Skip to main content

Clutch's mood-enhancing back catalogue thrills on Weathermaker Vault Series Vol. I

Clutch's Weathermaker Vault Series album of re-recordings, covers and previously digital-only singles is more than just a stopgap

Weathermaker Vault Series Vol. 1
(Image: © Good To Go)

There are few modern rock bands guaranteed to get you out of a funk as fast as Clutch can. Their explosive stoner blues boogies are instant mood lifters, and over 29 years and 12 albums the Maryland quartet have honed that sound to be solid in a way that’s reliable rather than predictable. 

They’ve kept a toe dipped in their psych/punk roots, and even when they polish things up they retain a raw edge that sits nicely with their salt-of-the-earth demeanour – just four normal dudes who happen to play damn fine rock’n’roll. 

Along the way they’ve assembled a jumbled crew of fans in hardcore metalheads, blues aficionados and anyone who just loves a good riff. And it isn’t uncommon to hear the claim that they’ve never made a bad album.

To keep fans sated for now until new material comes along in the shape of a new proper album, their label have released Weathermaker Vault Series Volume I, a mixture of re-recorded Clutch songs and covers, some that were released as digital-only singles in 2019, now all packaged up together for the first time.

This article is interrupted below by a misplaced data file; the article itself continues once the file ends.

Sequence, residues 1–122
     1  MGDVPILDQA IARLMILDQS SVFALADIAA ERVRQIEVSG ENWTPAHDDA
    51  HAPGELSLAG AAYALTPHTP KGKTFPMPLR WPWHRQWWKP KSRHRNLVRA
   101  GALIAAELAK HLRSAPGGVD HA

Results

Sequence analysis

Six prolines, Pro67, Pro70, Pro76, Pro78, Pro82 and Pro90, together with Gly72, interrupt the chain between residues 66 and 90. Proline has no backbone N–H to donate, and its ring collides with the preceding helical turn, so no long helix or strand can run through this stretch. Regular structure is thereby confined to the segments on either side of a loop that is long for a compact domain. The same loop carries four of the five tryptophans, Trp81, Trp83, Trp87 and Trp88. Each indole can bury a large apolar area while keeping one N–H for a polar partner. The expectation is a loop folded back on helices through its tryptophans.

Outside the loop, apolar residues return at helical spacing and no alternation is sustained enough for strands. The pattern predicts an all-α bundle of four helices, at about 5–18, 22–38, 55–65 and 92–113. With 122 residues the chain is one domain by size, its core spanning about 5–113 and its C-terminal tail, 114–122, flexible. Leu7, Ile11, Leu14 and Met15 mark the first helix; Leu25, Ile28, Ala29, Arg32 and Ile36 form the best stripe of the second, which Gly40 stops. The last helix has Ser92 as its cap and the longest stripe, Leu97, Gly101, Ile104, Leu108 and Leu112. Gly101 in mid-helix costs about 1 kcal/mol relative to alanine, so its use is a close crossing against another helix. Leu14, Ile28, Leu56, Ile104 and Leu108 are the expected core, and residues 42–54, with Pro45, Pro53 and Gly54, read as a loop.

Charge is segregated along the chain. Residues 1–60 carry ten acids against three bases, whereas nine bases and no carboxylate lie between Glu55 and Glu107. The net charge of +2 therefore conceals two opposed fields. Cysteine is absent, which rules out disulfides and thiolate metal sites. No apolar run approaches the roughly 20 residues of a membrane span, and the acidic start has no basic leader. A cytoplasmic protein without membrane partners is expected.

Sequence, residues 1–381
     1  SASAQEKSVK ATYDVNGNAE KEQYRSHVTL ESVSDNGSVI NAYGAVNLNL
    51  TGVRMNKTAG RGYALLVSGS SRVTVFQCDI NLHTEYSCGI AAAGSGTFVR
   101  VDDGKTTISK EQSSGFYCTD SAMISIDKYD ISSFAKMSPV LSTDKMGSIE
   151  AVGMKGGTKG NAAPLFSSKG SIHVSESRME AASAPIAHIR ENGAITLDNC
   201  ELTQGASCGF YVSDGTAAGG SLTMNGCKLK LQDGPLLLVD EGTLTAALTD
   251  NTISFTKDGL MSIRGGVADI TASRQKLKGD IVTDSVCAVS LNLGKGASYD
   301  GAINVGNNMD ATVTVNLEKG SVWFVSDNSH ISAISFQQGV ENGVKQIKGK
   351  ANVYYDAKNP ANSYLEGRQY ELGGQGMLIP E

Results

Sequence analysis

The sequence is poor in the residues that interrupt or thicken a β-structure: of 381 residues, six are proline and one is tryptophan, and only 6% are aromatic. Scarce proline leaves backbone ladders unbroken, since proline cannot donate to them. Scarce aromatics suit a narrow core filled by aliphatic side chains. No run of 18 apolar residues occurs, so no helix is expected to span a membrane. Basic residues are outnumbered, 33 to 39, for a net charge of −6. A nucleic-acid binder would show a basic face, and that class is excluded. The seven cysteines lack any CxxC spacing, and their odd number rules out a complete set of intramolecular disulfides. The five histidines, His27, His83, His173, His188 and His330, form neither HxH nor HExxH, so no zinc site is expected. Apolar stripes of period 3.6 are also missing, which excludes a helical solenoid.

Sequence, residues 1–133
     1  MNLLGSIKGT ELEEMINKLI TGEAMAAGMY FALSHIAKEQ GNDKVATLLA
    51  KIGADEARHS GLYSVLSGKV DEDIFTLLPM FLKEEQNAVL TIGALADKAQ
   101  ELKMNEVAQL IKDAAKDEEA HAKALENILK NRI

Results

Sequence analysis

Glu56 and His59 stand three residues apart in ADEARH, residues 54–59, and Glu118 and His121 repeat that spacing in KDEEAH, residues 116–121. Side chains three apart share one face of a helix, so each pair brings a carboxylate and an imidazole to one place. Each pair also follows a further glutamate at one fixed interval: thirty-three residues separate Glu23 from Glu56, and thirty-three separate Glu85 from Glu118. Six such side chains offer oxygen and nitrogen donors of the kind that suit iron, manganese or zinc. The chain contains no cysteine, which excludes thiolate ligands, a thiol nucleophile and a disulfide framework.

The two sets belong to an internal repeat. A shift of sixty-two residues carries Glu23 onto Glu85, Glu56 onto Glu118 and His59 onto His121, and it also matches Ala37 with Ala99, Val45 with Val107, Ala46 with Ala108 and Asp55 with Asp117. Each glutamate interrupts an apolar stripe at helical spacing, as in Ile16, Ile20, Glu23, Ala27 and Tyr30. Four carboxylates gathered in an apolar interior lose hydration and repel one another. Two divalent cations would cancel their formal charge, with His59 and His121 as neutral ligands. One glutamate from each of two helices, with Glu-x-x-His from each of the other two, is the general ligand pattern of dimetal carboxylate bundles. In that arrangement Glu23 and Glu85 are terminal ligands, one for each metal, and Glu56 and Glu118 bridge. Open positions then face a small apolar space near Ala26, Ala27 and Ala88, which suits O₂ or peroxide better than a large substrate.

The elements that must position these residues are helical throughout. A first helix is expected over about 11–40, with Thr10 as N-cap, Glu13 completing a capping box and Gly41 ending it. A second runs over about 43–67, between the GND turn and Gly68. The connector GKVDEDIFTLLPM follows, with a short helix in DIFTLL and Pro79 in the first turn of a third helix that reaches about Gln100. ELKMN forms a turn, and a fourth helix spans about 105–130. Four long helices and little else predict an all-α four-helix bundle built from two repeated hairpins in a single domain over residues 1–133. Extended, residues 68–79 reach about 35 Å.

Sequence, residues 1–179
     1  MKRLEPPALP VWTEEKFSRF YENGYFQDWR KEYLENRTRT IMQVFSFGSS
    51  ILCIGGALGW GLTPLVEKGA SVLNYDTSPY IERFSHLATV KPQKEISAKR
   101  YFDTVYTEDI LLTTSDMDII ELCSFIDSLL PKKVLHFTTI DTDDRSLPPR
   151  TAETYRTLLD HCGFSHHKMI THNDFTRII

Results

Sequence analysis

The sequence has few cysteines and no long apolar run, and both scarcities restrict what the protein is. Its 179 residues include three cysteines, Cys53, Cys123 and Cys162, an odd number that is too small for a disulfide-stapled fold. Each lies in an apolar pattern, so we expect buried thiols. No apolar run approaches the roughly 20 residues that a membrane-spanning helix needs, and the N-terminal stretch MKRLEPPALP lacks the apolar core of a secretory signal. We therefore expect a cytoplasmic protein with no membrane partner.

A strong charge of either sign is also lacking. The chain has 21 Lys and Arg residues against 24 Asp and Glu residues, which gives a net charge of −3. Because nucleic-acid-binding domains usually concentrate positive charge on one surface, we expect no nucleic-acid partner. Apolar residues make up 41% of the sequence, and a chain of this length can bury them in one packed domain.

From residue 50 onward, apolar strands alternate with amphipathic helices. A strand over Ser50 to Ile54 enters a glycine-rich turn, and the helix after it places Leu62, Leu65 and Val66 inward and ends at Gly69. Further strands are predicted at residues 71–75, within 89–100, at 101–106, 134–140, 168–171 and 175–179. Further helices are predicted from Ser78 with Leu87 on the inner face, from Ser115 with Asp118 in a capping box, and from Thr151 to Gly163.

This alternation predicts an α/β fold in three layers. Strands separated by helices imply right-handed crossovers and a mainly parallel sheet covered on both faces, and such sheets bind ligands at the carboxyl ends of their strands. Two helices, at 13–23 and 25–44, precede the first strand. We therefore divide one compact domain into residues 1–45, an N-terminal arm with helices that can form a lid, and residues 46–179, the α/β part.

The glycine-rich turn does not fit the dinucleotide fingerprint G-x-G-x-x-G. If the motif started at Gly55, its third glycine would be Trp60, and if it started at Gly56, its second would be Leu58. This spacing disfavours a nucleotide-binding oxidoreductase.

Straight off the bat the energy levels are high and we’re reconnecting to Clutch’s early punk days with Passive Restraints, which first appeared on their second EP in 1992. Big, brawny and flying with furious intensity, this version finds a fitting guest in Randy Blythe of Lamb Of God, whose high-velocity growls keep things heavy.

Shawna Potter of fellow Maryland punks War On Women is a more subtle inclusion (although her soaring vocals are anything but), adding backing vocals to the uplifting closer Willie Nelson

The rest of the re-recorded tracks serve as a reminder of the strength of Clutch’s back catalogue, whether via the spaced-out psych of Spacegrass or bluesy fan favourite Electric Worry. The cover songs included also lean towards the bluesier side: there’s the stonkingly groovy take on ZZ Top’s Precious And Grace, a supercharged version of Willie Dixon’s Chicago blues classic Evil (Is Going On), and a rollicking cover of Creedence Clearwater Revival’s Fortunate Son that’s an absolutely perfect fit for Clutch. 

They also throw in a curveball with Algo Ha Cambiado, a jaunty, trippy cover of a song by Argentinian heavy blues/psych artist Norberto Napolitano, with Neil Fallon singing in Spanish.

While you wait for Clutch’s lucky album number 13, this lively compilation will get your spirits up.